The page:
Transportation trade groups are praising President Obama's call to rebuild the nation’s efforts infrastructure but some members of Congress say the administration will have to put more details behind broad pleas for investment.
Rep. John Mica, R-Fla., chairman of the House Transportation and Infrastructure Committee, said the administration itself had "derailed" the surface transportation reauthorization bill in 2009, and now needs to offer a plan that builds infrastructure "in a fiscally responsible manner."
"It is encouraging that they are now on board with getting infrastructure projects and jobs moving again,” said Mica. “However, just another proposal to spend more of the taxpayers’ money, when we have billions of dollars sitting idle tied up in government red tape, will never get our economic car out of the ditch.”
The president’s second State of the Union address put rebuilding infrastructure among five primary goals for the next year. He said within 25 years 80 percent of Americans should be able to travel on high-speed trains, and he warned that China, Europe and Russia were outstripping the U.S. in investment.
“Over the last two years, we’ve begun a project that has meant thousands of good jobs for the hard-hit construction industry. And tonight, I’m proposing that we redouble those efforts,” Obama said. “We’ll put more Americans to work repairing crumbling roads and bridges. We’ll make sure this is fully paid for, attract private investment, and pick projects based on what’s best for the economy, not politicians.”
Although Republicans and Democrats on the transportation both say they want to produce a new highway bill, there is a large gap in Congress between those advocating improved infrastructure and calls for reduced government spending.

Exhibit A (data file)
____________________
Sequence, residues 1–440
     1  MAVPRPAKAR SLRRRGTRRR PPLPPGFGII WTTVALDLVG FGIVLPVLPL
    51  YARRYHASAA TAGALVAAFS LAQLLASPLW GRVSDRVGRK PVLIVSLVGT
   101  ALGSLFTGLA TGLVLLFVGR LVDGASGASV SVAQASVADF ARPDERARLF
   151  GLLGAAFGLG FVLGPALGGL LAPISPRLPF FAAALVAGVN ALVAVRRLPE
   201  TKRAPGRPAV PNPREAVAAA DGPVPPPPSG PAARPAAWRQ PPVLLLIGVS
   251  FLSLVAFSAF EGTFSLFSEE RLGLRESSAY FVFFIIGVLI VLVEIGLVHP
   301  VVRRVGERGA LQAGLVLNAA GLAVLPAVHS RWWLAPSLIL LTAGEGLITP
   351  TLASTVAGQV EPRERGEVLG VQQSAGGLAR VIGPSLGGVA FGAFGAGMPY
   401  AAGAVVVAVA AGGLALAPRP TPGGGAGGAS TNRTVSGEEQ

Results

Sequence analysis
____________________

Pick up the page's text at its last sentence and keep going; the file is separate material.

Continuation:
“We must at least invest as much in ourselves as our competitor nations are investing in their own futures,” said Rep. Nick Rahall, D-W.V., ranking member on the transportation committee. “Certainly we need to tighten our budgetary belt, but it is folly to suggest that we blindly slash investments in basic infrastructure which are so vital to our long-term economic recovery.”
John Horsley, executive director of the American Association of State Highway and Transportation Officials, said the group is encouraged by the president’s remarks and pledged to work with Congress and the White House to form new transportation bill this year.
“We continue to be encouraged that President Obama supports investing in America's transportation infrastructure, recognizing the role it plays in creating jobs, growing the national economy and balancing the federal deficit," Horsley said.
“Last night’s speech wasn’t just another State of the Union address – it was a president committing to thinking big about America’s future and making our 21st Century transportation system and infrastructure the envy of the world again,” said Edward Wytkind, President of the Transportation Trades Department, AFL-CIO. He also voiced support for new transportation legislation.
Pete Ruane, president of the American Association of Road and Transportation Builders, said that the president and Congress were overdue in working together to draft a transportation bill.
“Our international competitors have been heavily investing in well-thought out national transportation development programs for future growth,” Ruane said. “Meanwhile, we’ve been trying to shoehorn one of the 21st century’s largest economies into a severely constrained 20th century transportation network. It’s time to get off the path to a second-rate economy and invest for future growth and American jobs.”
Glenn English, chairman of Consumers United for Rail Equity, said that the call for infrastructure investment should not mean more subsidies for railroads.
“Freight rail companies are already getting subsidies worth hundreds of millions of taxpayer dollars,” English said. “We don’t need additional rail subsidies to strengthen U.S. companies; we need reforms to increase competition in the freight rail industry.”
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